No two persons ever read the same book. --Edmund Wilson

Sunday, June 28, 2009

#46: Fathom -- Cherie Priest

I knew when I took you that you were evil. That's why I pulled you under the waters and held you against myself. That's why I saved you, because you were formless and void, and I thought I could bend you to join and assist me. I brought you in as a daughter, and as a companion to my son. I received and restored you knowing that you were made of bile and nails, so I suppose the fault is mine after all. I did not frighten you enough while I had the opportunity. (p. 304)


Cherie Priest's latest novel (the only other of her books I've read is Four and Twenty Blackbirds) is a dense, rich elemental tale that I think I'll need to read again to appreciate in full. It has something of the same feel as Tim Powers' On Stranger Tides: the fury of tropical storms, ancient horrors concealed beneath the sun and sand of Florida, pirates (pirates!), magic, the stifling lushness of the land and the blue waters that, for all their clarity, hide a great deal.

I think there are echoes and overtones of Shakespeare's The Tempest in here, though it's far from a direct remapping of that tale. Still: there are individuals (not quite people, not exactly human) who correspond to the four elements -- Earth, Water, Fire and (at a stretch) Air: a girl trapped in a form not her own, a water-witch, a Greek smith ...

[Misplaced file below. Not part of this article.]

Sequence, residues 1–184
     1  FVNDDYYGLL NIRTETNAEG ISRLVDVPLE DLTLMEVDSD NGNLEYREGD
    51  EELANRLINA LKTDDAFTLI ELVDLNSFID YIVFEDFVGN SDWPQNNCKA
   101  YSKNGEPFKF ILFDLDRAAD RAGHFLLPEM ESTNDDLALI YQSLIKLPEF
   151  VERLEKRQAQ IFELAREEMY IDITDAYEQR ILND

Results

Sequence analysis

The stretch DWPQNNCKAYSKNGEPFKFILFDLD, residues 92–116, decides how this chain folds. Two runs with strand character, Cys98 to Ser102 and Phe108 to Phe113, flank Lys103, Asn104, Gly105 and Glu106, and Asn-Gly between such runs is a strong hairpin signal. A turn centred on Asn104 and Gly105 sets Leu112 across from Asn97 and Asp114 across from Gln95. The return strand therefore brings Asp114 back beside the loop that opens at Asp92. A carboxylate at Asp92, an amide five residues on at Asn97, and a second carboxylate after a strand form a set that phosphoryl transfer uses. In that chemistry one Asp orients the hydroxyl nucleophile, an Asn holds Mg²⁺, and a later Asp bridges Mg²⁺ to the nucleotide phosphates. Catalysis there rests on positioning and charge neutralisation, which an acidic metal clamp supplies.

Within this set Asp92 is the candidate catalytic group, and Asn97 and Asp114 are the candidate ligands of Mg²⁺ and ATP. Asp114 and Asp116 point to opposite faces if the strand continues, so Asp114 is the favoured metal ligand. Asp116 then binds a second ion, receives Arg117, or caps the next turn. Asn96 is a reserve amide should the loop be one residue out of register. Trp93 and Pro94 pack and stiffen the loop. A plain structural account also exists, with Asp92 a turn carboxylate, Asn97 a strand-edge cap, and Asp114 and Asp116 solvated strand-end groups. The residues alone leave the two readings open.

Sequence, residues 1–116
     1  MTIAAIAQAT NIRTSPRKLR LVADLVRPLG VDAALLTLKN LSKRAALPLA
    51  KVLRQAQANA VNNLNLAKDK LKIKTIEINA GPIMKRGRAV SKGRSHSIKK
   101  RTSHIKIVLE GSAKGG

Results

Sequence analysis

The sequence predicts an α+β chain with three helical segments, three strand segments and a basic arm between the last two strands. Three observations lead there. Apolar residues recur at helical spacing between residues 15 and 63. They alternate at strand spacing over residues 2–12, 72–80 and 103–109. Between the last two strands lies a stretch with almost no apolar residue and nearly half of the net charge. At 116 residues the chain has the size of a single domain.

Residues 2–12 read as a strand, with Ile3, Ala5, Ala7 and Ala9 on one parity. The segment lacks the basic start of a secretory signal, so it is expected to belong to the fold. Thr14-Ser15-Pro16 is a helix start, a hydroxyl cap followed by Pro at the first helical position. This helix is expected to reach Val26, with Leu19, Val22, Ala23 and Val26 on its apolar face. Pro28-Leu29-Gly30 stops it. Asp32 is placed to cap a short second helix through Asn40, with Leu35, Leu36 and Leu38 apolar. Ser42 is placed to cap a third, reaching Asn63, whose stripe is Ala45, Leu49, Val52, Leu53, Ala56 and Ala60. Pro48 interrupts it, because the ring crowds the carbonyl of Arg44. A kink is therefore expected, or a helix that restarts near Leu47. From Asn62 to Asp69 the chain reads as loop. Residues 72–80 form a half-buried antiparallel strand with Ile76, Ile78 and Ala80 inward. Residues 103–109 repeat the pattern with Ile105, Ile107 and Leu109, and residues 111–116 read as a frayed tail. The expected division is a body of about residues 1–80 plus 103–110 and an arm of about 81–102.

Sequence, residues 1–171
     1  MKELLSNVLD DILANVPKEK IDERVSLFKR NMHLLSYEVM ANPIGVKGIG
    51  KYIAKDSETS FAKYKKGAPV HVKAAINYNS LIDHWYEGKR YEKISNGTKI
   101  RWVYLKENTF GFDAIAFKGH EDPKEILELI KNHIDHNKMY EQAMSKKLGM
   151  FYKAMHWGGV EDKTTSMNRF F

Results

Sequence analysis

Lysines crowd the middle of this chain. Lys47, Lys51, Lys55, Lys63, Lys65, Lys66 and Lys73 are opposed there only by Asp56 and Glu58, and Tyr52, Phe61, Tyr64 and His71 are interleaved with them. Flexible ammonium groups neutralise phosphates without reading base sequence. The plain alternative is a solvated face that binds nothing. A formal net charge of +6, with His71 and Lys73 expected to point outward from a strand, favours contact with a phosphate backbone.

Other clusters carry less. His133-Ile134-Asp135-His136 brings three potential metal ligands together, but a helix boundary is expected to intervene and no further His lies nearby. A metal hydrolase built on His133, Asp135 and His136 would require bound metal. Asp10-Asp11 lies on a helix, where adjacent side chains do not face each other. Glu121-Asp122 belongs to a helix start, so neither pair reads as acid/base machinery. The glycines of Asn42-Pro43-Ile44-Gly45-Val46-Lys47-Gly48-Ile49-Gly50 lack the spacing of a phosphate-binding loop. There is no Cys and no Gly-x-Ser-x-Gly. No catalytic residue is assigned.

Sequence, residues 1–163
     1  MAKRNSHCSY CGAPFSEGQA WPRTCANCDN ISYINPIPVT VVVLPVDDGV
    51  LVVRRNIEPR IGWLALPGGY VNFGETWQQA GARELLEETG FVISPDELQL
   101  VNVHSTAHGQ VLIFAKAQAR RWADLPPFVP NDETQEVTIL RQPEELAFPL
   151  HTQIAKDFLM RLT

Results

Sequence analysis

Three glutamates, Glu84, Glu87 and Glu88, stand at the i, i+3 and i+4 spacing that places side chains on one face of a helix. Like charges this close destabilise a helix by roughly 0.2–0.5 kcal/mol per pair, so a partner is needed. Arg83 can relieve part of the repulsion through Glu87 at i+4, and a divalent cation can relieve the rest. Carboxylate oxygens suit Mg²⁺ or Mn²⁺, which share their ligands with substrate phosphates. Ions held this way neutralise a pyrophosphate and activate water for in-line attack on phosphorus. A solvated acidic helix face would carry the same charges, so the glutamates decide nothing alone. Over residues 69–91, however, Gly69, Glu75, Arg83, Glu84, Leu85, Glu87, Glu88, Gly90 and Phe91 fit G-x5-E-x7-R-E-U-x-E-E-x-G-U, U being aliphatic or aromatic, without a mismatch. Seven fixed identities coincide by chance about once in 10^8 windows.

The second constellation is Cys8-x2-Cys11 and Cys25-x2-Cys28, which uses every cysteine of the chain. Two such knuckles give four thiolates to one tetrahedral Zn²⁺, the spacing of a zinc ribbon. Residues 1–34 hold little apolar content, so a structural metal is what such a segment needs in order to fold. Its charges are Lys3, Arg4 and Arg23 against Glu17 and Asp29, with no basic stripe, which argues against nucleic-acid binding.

And pirates! Specifically, José Gaspar -- a popular figure from Floridan folklore, the island Gasparilla named after him -- who turns out to've failed at the task appointed to him: for punishment, says Arahab, I removed from the face of the earth every trace that he'd ever lived. There remains neither note nor relic to confirm he ever breathed before I claimed him. (p. 56). Now Gaspar (one of the more likeable characters in the novel) has work to do, and a new companion: the young, modern and amoral Beatrice. Arahab the water-witch deems it time to wake a slumbering god: against her stands a creature with no name, and Beatrice's cousin Nia, and an insurance adjustor named Sam.

Fathom feels like being at sea: it's a novel full of movement, pursuit, violence and change. Some beautifully evocative scenes and some shocking volte-faces: Priest has the power to surprise and shock, to catch the reader in her characters' reactions.

It's a distinctively American fantasy, and a Southern Gothic fantasy, and though it's a world away from the Florida-set thrillers I also enjoy, the landscape is the same -- albeit lashed by huger waves and lit by a weirder light. I liked this a lot, though there were occasional phrases or paragraphs that made me want to edit ...

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